Thanks to Thinking of Rob - Best Movies of 2014


Robert Pattinson

Indiewire 2014 Year-End Critics Poll – Best Supporting Actor


Actors who had a strong 2014

Robert Pattinson (“The Rover” and “Maps to the Stars”)

The Rover


The 20 Best Films

20. “The Rover”

If one takes “The Rover” on its own methodical, minimalist terms — an existentialist fable that burrows deep into the moralism of its corrupted, barren landscape — it’s hard to deny that writer/director David Michod’s sophomore effort wholly accomplishes what it sets out to do. Stripping away all narrative complexity to the point of abstraction, the character study really breathes, but in such a completely different way to Michod’s triumphant last feature “Animal Kingdom,” that after just two features and a few shorts, Michod has us convinced he’s the real deal. Featuring a stunningly grizzled, grimy lead performance by Guy Pearce, easily one of our favorite working actors, and an impressive turn from Robert Pattinson who is growing as a performer with every film, it’s a movie that pulsates beneath the surface and in the long silences between dialogue and outbursts of violence. And it’s starkly beautiful to look at and to listen to, eschewing revelations and plot twists to deliver its deceptively simple story through mood, tone and atmosphere.


30 Best Movies of 2014 (Illusion Magazine)


All eyes were on David Michôd, when he pitched up his second feature film, “The Rover.” It must be said that the initial “Mad Max” comparisons were a disservice, as this outback-set existential drama (starring Guy Pearce and Robert Pattinson) wasn’t interested much in high-octane thrills and chase scenes at all.


15 Most Underrated Movies of 2014 (Hypable)

The Rover is a slow-burn chase movie set in the Australian outback 10 years after “the collapse.” What exactly that collapse is and how it came to be are never explained, but from the film’s first few frames it’s easy to put the pieces together. Guy Pearce and Robert Pattinson play opposites brought together by circumstance and their only goal is to track down a group of thieves with precious cargo. The Rover is a movie that demands patience and rewards you with beauty.


The Best Movie Trailers

11. “The Rover”

By now we know how critically hushed the reception of David Michod’s “The Rover” has been (though, as seen in our 20 Best Films Of 2014 list, and our Cannes review, we do not agree with the general perception), but the early trailer is an intriguing glimpse at everything that’s fascinating in the film. The images, showcasing the film’s gorgeous cinematography and merciless spirit, just keep adding to the poetic nature hinted at by an earlyW.B. Yeats quote, until Robert Pattinson’s tragic lost soul comes up on screen. Once Sol Seppy’s “Enter One” glides in (one of the most effective uses of a song in any trailer this year), it becomes pretty clear that Michod’s film is imbued with melancholia and evokes a deep longing for any semblance of humanity left in a Godless world.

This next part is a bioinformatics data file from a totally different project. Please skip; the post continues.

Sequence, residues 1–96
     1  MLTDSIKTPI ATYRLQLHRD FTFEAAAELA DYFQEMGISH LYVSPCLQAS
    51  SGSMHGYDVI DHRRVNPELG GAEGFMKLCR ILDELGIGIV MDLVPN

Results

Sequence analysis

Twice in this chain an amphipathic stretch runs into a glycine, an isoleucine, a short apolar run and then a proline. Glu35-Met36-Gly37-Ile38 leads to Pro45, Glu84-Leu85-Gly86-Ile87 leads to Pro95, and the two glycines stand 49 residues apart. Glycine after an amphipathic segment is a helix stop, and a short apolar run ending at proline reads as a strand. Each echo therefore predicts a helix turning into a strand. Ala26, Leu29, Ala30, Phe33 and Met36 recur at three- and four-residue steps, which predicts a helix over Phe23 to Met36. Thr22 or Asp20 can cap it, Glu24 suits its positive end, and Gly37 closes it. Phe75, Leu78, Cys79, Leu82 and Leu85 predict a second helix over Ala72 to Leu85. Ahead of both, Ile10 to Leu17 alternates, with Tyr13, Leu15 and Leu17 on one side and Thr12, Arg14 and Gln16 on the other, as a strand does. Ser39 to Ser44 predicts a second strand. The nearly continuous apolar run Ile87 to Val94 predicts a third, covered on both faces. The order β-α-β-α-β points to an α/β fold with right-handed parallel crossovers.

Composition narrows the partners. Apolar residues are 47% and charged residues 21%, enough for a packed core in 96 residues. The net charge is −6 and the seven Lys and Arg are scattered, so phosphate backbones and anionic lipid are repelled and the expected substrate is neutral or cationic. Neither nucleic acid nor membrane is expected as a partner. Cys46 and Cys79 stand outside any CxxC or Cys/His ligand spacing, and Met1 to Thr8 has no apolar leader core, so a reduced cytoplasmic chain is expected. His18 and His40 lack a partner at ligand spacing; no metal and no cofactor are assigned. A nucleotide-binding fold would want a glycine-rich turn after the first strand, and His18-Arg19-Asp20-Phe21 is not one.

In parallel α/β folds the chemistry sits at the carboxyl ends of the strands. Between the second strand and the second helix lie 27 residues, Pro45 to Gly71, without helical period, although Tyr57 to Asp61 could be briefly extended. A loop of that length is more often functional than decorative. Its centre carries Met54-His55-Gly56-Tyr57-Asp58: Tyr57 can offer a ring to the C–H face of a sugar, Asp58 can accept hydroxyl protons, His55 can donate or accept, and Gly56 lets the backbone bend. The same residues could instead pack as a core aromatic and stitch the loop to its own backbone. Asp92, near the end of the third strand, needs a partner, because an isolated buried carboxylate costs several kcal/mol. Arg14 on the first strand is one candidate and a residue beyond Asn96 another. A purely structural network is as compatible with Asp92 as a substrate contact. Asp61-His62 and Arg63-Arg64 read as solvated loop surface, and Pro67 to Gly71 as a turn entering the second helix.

The Best Movie Soundtracks

6. “The Rover”

You gotta hand it to Aussie David Michôd. After “Animal Kingdom” the world was his oyster and he spent months in Hollywood looking at scripts and potential projects. But for a second act Michôd decided to take a bold left turn with “The Rover,” a dissonant, minimalist two-hander that feels literally scorched by the sun. For his post-economic-collapse picture, Michôd decided to only employ post-apocalyptic modes through mood, atmosphere, and music. While there’s some score by Antony Partos utilized, the bulk of the movie’s simmering, sinister musical tendencies are discordant and cacophonous source music by experimental and ambient composers the director chose (all of it listed here). There’s seminal avant-garde musician William Basinski (who might be experiencing a minor renaissance since he was used in “The Comedy” in 2013), Chicago post-rockers Tortoise, and Montreal-based saxophonist and multireedist Colin Stetson—a touring member of Arcade Fire, Bell Orchestre, and Bon Iver (he also wrote the underrated score for “Blue Caprice” along withSarah Neufeld from Arcade Fire). “The Rover” is not the most inviting or forgiving movie, but that’s the point (and of course a chipper Keri Hilsonsong briefly breaks the mood in a moment that’s both comical and yet heartbreaking). It’s a bleak, nihilistic look at the strange and unlikely partnership between a deceptively complex simpleton (Robert Pattinson) and callous, nearly inhuman man (Guy Pearce) who will stop at nothing to retrieve all that he has lost. And Michôd’s soundtrack is equally cruel, heartless, and unrelenting—in the best way.


Thanks to Thinking of Rob !